Nobody said it would be easy to reach the remotest hamlets of northeastern Cambodia, but we had never thought it could get that dusty!!! The area of Ratanakiri is called ‘the red land’ for a reason…
Day 1 – Banlung – Veun Sai – Ban Ke Toch (59 kilometres)
We left Banlung, the capital of the Ratanakiri Province, in the morning. After a day of riding our motorbike through dirt roads (38 kilometres later), we reached Veun Sai, a small Chinese village. Here, at the pagoda, we met a very friendly monk who offered us drinks while we had a friendly chat.
Afterwards, we continued to the river bank where we had our first river crossing by ferry. We could hardly believe that the old boat on the river bank was the ‘ferry’ that would take us to the other margin. Somehow, all went well and we boarded without any incidents.
Now on the other side of the river, we headed towards a small Laotian minority village called Ban Ke Toch (21 kilometres). At this tiny hamlet, we were greeted by the primary school teacher, who allowed us to set camp at the school’s playground. The kids were still around and stayed with us, curious about our gear! As it turned out, it was also Meak Bochea, one of the most important celebrations in Buddhism, and so the village partied until the wee hours.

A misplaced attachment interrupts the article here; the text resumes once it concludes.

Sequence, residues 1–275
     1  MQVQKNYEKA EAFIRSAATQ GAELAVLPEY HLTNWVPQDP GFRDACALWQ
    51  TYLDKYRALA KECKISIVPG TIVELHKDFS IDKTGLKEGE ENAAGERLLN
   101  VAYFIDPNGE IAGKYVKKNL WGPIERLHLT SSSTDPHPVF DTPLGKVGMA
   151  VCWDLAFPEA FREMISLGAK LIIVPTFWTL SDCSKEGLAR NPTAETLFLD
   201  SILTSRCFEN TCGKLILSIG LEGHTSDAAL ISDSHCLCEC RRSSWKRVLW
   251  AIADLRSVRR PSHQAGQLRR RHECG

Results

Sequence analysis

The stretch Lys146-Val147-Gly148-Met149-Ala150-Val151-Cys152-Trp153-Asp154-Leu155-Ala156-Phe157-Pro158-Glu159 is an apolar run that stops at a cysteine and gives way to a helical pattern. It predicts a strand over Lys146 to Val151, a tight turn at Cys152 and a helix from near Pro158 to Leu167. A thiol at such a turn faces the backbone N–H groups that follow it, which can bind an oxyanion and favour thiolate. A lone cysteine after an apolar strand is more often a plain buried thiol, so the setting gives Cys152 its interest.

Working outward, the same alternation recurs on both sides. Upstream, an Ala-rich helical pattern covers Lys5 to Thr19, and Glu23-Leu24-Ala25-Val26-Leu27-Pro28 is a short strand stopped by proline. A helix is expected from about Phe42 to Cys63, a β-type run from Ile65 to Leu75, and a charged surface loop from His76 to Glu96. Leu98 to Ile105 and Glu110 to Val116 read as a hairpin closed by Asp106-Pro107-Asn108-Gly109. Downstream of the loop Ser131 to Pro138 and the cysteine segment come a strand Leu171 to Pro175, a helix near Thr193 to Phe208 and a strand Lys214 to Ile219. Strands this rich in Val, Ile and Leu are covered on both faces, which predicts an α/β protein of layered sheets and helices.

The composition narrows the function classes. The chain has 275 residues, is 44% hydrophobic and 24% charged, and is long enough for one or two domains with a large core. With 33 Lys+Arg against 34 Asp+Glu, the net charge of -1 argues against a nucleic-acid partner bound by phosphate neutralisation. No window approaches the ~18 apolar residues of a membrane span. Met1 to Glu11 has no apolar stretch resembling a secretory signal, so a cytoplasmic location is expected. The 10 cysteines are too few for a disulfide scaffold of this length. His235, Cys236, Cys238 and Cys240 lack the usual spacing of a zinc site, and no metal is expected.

Day 2 – Ban Ke Toch – Samong – Siem Pang (40 kilometres)
Day two would bring with it the most difficult part of the road. Even though there were only 40 kilometres to ride, the teacher had told us it would take three hours to Siem Pang… i.e., if we are fast and lucky! It would not take us three hours! We needed SEVEN HOURS to cover that distance!!! Shortly after we left Ban Ke Toch, the red soil became yellow sand! And, as if sand wasn’t complicated enough, the ‘road’ turned into an obstacle track with potholes in the less sandy parts!!
At a point, a fallen tree on fire was blocking the road, so we needed to remove it, which wasn’t an easy task. Later on, we ran out of water and still had a few kilometres to go… When after 23 kilometres we reached the hamlet of Samong, we thought we could buy water, but unfortunately, the village was so small that there was no groceries shop or any other place where to buy something to drink! We just paid a toll to cross a wooden improvised bridge and continued to ride.
We still had to ride another 14 kilometres before the last ferry of the journey, the one that would take us to Siem Pang. The cherry on top of the cake happened five kilometres before our destination, when an ice-cream seller (driving a scooter!) showed up from the dust and disappeared into the dust, after selling us the most succulent coconut ice-cream… Seriously! This was no Fata Morgana, we have the proof!!
Watch above, the small video about this dirt road for a better idea of the difficulties and state of the road.